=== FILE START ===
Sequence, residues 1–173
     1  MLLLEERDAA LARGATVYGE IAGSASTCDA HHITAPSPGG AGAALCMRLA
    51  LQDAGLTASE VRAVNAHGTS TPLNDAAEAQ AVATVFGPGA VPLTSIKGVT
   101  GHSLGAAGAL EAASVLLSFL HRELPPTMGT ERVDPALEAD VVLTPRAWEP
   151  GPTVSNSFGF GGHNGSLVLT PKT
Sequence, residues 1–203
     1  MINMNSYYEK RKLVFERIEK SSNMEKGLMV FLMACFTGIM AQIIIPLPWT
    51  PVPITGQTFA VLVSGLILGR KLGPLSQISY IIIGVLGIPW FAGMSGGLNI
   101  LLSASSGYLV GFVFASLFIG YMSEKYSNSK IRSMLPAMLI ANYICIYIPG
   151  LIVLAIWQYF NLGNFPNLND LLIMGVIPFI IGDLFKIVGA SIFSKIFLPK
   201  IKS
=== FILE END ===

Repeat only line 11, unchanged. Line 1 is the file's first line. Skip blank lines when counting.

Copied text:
   201  IKS